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Father and son go ‘Phishing’ on beach in Atlantic City

So there I was at noon on Aug. 14, sitting in my man cave and thinking about the exciting Saturday night I had planned. I would watch the newest Hallmark rom-com, text (bother) a couple of friends and nosh on Yodels and Twizzlers.

Going phishing was the farthest thing from my mind. I knew I would have the house to myself that evening because my son, Nate, had plans to go to see Phish, which (who?) was playing the second night of a three-night stand on the beach in Atlantic City.

At that moment, Nate walked in and said the friend he was supposed to attend the concert with had fallen ill the night before and would not be able to make the show. Alarm bells started going off in my head, but I played it cool as I suggested that he call around to see if he could find another friend to go with him.

But the friends he called had other engagements for the evening and at that moment I knew I was about to be asked a question I did not want to hear.

“Will you go with me so I don’t have to go alone?”

Now the odds of me ever choosing of my own free will to attend a Phish concert to see a band that is best known for 20-minute jams that feature noodling on guitar and keyboards were none and none. Two verses, a bridge, three minutes, get in and get out. That’s a song.

But what are you going to say when your 26-year-old son asks you to go with him to a concert he has been waiting months to see? Would you make him go alone and stand on a beach with 30,000 people he does not know?

Deep down, I knew I could not say no because life is precious and short and Nate and I don’t get to go to that many places together anymore.

So I said yes, because life always provides adventures and for 39 years it has also provided newspaper columns.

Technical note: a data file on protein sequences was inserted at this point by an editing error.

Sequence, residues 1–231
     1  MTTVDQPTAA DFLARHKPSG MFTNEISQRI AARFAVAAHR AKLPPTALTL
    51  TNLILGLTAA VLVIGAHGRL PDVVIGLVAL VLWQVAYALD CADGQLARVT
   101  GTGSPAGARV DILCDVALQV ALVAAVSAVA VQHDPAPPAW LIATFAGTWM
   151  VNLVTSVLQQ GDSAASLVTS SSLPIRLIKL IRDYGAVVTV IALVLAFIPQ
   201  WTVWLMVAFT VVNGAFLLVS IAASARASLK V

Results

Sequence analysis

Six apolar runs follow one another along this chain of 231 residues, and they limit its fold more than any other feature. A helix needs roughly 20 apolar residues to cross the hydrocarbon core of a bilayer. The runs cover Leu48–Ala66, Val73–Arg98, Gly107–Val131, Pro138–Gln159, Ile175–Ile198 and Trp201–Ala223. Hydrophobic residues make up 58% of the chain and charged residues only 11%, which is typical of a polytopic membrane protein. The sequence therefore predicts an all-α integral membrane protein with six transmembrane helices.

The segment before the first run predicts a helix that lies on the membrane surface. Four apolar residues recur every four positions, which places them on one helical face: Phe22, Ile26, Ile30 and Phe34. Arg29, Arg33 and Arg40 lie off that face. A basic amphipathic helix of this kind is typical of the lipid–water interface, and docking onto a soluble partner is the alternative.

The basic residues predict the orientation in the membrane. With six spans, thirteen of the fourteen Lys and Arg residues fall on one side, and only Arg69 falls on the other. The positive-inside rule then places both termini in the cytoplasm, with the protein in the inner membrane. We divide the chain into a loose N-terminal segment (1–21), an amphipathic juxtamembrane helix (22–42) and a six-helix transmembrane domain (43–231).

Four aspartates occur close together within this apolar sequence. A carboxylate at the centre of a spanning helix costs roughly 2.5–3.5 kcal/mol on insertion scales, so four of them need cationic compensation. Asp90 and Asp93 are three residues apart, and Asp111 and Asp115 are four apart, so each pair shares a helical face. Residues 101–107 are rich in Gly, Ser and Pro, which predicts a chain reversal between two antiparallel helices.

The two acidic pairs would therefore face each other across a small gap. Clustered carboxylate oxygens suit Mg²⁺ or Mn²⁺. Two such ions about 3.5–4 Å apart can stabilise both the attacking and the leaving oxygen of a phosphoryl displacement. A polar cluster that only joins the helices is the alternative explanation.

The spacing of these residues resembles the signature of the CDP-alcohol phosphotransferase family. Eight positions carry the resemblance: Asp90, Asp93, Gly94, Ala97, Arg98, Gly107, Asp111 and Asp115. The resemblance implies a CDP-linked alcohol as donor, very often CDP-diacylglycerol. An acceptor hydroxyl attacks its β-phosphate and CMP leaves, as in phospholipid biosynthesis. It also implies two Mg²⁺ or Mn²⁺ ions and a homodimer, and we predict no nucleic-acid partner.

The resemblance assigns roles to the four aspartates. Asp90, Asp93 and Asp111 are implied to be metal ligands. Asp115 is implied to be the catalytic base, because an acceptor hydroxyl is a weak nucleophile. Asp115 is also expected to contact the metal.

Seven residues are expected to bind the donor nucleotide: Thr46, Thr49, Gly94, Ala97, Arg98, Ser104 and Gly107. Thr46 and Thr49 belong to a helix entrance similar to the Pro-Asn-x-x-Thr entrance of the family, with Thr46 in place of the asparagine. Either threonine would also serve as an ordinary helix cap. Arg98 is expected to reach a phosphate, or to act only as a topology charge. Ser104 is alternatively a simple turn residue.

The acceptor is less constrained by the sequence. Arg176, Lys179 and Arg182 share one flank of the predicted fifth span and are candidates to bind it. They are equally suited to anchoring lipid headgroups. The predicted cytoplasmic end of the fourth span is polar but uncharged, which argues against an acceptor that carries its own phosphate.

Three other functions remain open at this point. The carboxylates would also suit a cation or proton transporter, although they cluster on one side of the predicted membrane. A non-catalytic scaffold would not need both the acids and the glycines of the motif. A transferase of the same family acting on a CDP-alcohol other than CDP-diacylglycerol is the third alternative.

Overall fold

With that said, by 6:30 p.m. on a warm summer night, I found myself standing on the beach in Atlantic City waiting to see Phish, a four-man band whose greatest claim to fame, in my opinion, was playing the Velvet Underground album “Loaded” in its entirety on Halloween 1998 in Las Vegas.

We staked out a spot on the beach (no chairs) and waited for the band to take the stage. I found myself standing next to a gentleman of about my age who told me he was attending his 100th Phish concert that evening; an impressive, if not shocking, feat of stamina, as it turned out. He was thrilled to hear I was seeing the band for the first time and promised me it would be something I would never forget. Well, yes.

At 8 p.m., Phish began to play. I will only say this is not the type of music I generally listen to, but I am in no position to judge what tens of thousands of people were so clearly enjoying.

To be fair, the musicianship was tight and the sound system was outstanding. People were in good spirits, there were no knuckleheads around me, and the fans were appreciative of the band’s performance.

For the record, the first set ran 80 minutes and included the “hits” Llama, Tube, Destiny Unbound, Ya Mar (Cyril Ferguson cover), 46 Days, Reba, Soul Shakedown Party (Bob Marley cover), Split Open and Melt, and The Squirming Coil.

After the first set ended we caught our breath. I took a knee for several minutes (I was stiff from standing all that time, although several caring young people around me asked me if I was OK; I assured them that having survived numerous Twisted Sister performances in various New Jersey rock clubs, it was going to take more than a mellow jam band to finish me off).

The second set kicked off at 10 p.m. and gave us I Never Needed You Like This Before, Drowned (Who cover), Ghost, Scents and Subtle Sounds, Chalk Dust Torture, No Quarter (Led Zeppelin cover), Slave to the Traffic Light and Suzy Greenberg.

A two-song encore saw the band offer A Life Beyond The Dream and Tweezer Reprise.

And just like that, at 11:30 p.m., it was over. The first and only Phish concert I will ever attend had ended.

The only song I will ever remember from that night is Suzy Greenberg, which has the catchy refrain “Suzy, Suzy, Suzy, Suzy, Suzy, Suzy Greenberg.” That’s a hit if I have ever heard one.

We made our way off the beach, to the parking garage at Caesar’s, reached the car, exited Atlantic City and in slightly more than 90 minutes (2:15 a.m. for those of you keeping score) we were home. My great phishing adventure was over.

Nothing gives me greater pleasure than seeing my only child happy. Please do not tell anyone I was possibly, maybe, secretly hoping that when he found out his friend could not go with him to see Phish that I would be his next best option. He may think I also want to see Dead and Company, which I really, really, really, mostly, do not want to see.

Mark Rosman is a managing editor with Newspaper Media Group. He may be reached at news@njexaminer.com

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